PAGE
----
No. 89.
Mr. Reinberg to Mr. Davis.

No. 98.]

Sir: You will receive herewith copy of the answer of the governor at Guayaquil to my dispatches (marked B and C), forwarded on the 20th instant, also copy of my dispatch to the governor of Manabi, and copy of my letter to Mr. Julio Romano Santos.

I telegraphed you on the 21st as follows:

Authorities Guayaquil now refer me Government Quito or authorities Manta for particulars. President interviewed here. Refuses Santos’s release. Am writing Manta.

You will perceive by the tenor of the governor’s answer that there is a studied intention of delay in furnishing this office with the repeatedly requested information for the supposed or real charges against Mr. Santos.

As regards the governor’s statement that he ignores the arrest, &c., of Mr. Santos, it is to be doubted, from the fact that General Reynaldo [Page 228] Flores, the commander of the forces in the north of Ecuador, and the officer who ordered the arrest of Mr. Santos, has been in Guayaquil for nearly two weeks informing his brother-in-law, the President, of the events which have taken place during the insurrection of the northern provinces.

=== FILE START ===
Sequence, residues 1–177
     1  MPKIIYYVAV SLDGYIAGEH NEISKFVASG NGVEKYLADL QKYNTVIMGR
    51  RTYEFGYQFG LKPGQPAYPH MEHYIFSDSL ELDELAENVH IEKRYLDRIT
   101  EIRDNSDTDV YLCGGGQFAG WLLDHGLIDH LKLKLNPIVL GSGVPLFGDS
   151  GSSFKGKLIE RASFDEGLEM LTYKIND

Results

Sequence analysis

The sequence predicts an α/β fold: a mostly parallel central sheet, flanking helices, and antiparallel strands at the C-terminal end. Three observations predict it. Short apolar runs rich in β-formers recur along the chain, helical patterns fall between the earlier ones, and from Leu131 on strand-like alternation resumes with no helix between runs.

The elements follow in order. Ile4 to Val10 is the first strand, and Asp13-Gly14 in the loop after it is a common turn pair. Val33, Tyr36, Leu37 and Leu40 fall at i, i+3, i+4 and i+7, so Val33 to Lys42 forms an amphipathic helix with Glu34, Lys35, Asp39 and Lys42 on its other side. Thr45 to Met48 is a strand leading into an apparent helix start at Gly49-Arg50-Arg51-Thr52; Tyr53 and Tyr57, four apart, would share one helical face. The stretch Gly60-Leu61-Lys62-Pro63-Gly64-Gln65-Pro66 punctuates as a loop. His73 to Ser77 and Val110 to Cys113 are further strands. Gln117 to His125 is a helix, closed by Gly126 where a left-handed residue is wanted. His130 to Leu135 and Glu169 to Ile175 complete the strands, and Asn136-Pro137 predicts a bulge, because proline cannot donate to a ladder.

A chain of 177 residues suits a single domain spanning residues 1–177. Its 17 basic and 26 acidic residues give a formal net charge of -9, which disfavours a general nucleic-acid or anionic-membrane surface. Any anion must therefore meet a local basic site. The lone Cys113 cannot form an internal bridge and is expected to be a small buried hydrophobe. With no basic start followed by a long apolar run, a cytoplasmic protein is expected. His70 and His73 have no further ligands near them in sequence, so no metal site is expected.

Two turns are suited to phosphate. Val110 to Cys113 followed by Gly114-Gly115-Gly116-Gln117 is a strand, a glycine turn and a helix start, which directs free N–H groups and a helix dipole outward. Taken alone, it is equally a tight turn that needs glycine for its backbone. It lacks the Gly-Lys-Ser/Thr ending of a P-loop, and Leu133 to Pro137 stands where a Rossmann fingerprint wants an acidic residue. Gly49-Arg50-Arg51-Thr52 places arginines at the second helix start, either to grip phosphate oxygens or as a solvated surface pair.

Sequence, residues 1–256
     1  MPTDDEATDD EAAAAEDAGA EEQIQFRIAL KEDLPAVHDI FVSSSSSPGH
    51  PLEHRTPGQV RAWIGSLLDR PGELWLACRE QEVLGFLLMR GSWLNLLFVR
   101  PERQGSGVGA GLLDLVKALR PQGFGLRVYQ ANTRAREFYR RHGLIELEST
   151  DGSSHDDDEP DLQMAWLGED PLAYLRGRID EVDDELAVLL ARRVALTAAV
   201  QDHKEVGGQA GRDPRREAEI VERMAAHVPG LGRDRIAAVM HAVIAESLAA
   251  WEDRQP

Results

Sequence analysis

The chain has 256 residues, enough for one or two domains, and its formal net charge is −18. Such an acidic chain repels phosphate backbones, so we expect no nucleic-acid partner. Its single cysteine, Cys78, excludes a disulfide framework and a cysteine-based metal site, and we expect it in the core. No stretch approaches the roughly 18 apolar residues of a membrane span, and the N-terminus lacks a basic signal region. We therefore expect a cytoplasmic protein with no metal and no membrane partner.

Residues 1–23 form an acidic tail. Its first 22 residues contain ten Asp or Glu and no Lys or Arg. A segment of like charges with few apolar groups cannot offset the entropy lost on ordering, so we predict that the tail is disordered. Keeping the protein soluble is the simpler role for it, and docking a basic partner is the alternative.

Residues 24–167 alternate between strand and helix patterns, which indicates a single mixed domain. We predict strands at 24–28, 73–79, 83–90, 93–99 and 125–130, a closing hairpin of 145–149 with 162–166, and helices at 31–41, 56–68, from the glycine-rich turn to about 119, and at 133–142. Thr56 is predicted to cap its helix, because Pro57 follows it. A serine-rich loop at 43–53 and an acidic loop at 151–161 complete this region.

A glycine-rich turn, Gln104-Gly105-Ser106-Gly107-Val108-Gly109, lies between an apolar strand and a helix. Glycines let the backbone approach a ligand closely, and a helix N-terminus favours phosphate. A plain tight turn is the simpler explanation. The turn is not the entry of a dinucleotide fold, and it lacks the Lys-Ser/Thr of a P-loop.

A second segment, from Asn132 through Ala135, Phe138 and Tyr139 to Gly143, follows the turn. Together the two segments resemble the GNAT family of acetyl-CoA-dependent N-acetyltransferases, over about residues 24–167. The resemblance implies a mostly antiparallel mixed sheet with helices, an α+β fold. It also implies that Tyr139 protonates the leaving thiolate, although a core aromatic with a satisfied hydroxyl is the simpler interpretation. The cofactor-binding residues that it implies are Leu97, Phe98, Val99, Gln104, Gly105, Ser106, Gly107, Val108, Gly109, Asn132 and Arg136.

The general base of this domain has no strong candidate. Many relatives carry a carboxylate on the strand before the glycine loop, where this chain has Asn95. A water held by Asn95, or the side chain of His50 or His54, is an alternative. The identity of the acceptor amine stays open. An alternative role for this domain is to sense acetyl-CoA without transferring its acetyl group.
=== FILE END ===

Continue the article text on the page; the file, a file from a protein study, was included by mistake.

I am informed by the agents at this city of Messrs. Santos Hevia Hermanos that Mr. Julio Romano Santos has been removed from the prison at Manta to the one at Porto Viejo, capital of the province of Manabi, 50 miles distant from the coast.

It is supposed that his trial, if the authorities institute any, will take place at Porto Viejo whenever they see fit to begin it, unless the Department will take more effective measures to exact from the Ecuadorian Government the faithful pursuance of the treaty obligations with the United States.

Copies of all the correspondence referring to Mr. Santos’s case have been forwarded to Hon. Horatio N. Beach, consul-general, now at Quito, who will no doubt address the Department direct from there. In the mean time I shall await for the answer of the governor of Manabi, whom I hope will not fail to advise me of the charges preferred against Mr. Santos, and which shall be immediately transmitted to the Department.

I am, sir, yours, respectfully,

United States Vice-Consul-General.
[Inclosure 1 in No. 98.]

To the Consul-General of the United States of North America: